A Policy-Oriented Think Tank Addressing Foreign Policy and National Security Issues for a Safe Israel

The “Deal of the Century” and Israel’s European Challenge

Europe ought to press the Palestinians to negotiate with Israel for a demilitarized state on a territory similar in size to the pre-1967 West Bank and Gaza Strip and whose economy will be rebuilt and boosted by a $50 billion investment.


The fate of the “deal of the century” is uncertain because it is still unclear whether and when the Trump administration will give Israel a green light to implement part of the deal despite its rejection by the Palestinians. The deal, which is meant to be negotiated between Israel and the Palestinians, suggests land swaps in which Israel would annex about 30% of the West Bank. If the deal remains moot due to the Palestinians’ refusal to negotiate, can Israel enjoy its territorial benefits until the Palestinians change their mind (if they ever do)? The deal’s 181 pages provide no answer to that question, and therefore Israel cannot act without a nod from the Trump administration. If such a nod is not given before the November 2020 election and if that election is won by a Democrat, the deal will become letter morte.

While Israel should secure US support for the deal’s partial implementation in the absence of negotiations, it must also pre-empt and mitigate the opposition of the European Union (EU) and of the United Kingdom. This must be done not only by neutralizing unanimous decisions from the EU’s foreign affairs council thanks to the votes of European governments sympathetic to Israel, but also by convincing European leaders and opinion makers that the “deal of the century” is not, in fact, inconsistent with international law and with the two-state solution.

Early European reactions to the deal provide an indication on how and where Israel should invest its diplomatic efforts. Josep Borrell, the EU’s high representative for foreign affairs and security policy, issued a statement in which he claimed that the Trump plan “departs from … internationally agreed parameters” and warned that Israeli annexations in the West Bank would “not pass unchallenged.” France said it welcomed President Trump’s efforts, would “study” his plan, and reiterated its commitment to a two-state solution and to international law. The British government welcomed the Trump plan and called it “a serious proposal,” encouraging Israelis and Palestinians to negotiate on its basis and insisting that it was for them to determine if the plan suits their aspirations and concerns. Germany was more lukewarm, welcoming on the one hand the plan’s endorsement of a two-state solution but questioning on the other hand the plan’s compatibility with international law. Poland said it saw in the plan a “valuable basis” for future negotiations between Israel and the Palestinians, and Hungary vaguely said that it supports “all efforts” aimed at solving the Israeli-Palestinian conflict.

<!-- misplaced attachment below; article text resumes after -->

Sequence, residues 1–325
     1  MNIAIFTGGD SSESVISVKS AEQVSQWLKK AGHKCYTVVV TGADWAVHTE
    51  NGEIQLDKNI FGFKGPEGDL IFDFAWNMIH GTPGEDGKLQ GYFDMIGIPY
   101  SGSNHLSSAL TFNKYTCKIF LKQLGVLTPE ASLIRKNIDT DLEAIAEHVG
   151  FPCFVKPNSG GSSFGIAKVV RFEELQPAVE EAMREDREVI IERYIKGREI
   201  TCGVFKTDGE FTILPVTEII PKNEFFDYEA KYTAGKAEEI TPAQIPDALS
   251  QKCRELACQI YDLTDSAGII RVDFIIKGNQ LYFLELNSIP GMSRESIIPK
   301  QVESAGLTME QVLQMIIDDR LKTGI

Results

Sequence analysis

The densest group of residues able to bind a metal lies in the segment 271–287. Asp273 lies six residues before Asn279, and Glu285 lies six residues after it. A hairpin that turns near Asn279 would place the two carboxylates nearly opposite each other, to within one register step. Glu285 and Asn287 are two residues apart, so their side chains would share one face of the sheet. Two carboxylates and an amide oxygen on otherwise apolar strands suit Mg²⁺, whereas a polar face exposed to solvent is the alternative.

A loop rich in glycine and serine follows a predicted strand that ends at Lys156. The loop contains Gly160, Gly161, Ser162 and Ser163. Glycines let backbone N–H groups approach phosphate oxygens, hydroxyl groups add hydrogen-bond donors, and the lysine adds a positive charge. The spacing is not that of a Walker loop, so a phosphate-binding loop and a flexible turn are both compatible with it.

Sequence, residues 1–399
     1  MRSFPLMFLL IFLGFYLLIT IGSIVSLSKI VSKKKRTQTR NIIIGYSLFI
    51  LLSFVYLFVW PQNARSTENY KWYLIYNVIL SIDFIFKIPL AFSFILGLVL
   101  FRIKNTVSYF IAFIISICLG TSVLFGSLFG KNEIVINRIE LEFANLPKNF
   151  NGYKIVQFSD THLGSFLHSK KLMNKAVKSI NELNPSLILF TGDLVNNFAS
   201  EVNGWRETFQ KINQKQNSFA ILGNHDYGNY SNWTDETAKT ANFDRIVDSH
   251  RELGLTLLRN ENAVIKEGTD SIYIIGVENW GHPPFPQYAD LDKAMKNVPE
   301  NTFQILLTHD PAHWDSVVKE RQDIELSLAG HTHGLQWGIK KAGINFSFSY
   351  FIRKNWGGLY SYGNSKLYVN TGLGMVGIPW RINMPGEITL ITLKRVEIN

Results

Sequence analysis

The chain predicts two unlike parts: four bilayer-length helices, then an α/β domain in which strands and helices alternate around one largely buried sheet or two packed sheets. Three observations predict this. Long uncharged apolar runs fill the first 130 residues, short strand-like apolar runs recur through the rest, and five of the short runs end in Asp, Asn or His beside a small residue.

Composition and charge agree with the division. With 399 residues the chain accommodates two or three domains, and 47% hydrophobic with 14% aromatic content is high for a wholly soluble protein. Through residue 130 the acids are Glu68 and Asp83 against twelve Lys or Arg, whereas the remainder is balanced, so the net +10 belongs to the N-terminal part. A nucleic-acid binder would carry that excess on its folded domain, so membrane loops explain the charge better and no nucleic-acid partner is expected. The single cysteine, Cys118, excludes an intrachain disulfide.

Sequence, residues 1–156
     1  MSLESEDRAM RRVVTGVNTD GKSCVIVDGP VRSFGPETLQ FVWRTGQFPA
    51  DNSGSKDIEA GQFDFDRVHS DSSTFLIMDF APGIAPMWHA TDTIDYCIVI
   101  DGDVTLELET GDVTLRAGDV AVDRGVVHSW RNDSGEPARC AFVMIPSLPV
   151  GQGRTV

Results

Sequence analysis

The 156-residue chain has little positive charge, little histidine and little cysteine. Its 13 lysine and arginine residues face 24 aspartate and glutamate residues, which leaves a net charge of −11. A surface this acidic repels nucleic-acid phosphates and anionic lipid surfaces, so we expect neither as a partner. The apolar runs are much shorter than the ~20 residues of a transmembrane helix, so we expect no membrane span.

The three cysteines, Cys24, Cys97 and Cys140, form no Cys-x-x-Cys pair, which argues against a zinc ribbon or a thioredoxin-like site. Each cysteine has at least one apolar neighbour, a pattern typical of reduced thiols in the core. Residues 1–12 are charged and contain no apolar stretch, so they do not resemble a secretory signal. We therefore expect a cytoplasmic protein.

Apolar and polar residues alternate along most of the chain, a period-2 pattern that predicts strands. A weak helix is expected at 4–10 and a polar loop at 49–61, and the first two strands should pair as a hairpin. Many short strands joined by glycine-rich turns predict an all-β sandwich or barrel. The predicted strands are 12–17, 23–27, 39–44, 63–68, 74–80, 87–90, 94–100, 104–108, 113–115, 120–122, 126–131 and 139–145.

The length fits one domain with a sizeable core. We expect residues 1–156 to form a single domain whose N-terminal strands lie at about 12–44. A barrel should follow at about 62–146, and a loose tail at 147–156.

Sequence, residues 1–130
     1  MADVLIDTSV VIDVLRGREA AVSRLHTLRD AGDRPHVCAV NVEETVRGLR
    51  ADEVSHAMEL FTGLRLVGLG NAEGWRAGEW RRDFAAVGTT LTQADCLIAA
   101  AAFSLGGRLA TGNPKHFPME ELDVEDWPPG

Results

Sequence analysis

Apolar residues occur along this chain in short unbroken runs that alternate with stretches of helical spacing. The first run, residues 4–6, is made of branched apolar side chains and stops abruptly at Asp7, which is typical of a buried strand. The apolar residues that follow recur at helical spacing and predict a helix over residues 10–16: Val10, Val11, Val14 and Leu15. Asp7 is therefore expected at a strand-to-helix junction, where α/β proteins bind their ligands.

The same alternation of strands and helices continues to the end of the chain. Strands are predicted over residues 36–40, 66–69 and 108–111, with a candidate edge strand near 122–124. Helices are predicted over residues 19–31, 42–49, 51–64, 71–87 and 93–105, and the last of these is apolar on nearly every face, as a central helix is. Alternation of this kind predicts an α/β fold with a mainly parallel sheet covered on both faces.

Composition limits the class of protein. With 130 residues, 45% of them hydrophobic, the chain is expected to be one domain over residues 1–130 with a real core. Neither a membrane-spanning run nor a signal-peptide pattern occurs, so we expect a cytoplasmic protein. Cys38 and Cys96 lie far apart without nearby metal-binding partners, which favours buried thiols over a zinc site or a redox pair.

Thanks to the votes of Italy, Austria, Hungary, and the Czech Republic, the EU’s foreign affairs council was not able to pass a resolution that was meant to criticize the Trump plan and to warn Israel not to proceed with annexations in the West Bank. Israel’s “divide-and-rule” tactic among EU members was successful once again. But Israel must also influence European public opinions and decision makers of the plan’s advantages and of its consistency with international law.

Europe’s leading opinion makers and mainstream media are mostly hostile to the Trump plan. Britain offers a typical example: while the British government was forthcoming, most British newspapers are aghast. The Economist asserted that the plan “will not bring peace” and “may spell the end of the two-state solution.” A Guardian columnist wrote that the deal must be rejected because it allegedly goes against “countless UN resolutions, the Oslo accords of 1993, the Arab peace initiative of 2002 and the fundamental idea that Palestinians, like Israelis, have the inalienable right to self-determination.”

Israel must fence-off these arguments and hammer the following ones to European audiences.

The ultimate outcome of the Oslo accords was meant to be a “final status” but that status was not pre-determined. The accords’ signatory on behalf of Israel, the late prime minister Yitzhak Rabin, did spell-out shortly before his assassination what this “final status” should look like: a demilitarized Palestinian state with limited sovereignty over about 70% of the West Bank (and the entire Gaza Strip), and Israeli sovereignty over united Jerusalem as well as over the Jordan valley and settlement blocs.

The “deal of the century” implements Rabin’s vision, but with one major difference to the Palestinians’ advantage: reciprocal territorial swaps between Israel and the Palestinian state (something Rabin would never have dreamed of, let alone approved). Israel shall annex about 30% of the West Bank, and the Palestinian state shall annex a territory similar in size within pre-1967 Israel (in the Judean desert, in the Negev at the border with Egypt, and north of the West Bank) so that the territory of the Palestinian state “encompasses territory reasonably comparable in size to the territory of the West Bank and Gaza pre-1967” (page 12).  The plan guarantees the contiguity of the Palestinian state within the West Bank (via bridges and tunnels) and between the West Bank and the Gaza Strip (via a tunnel).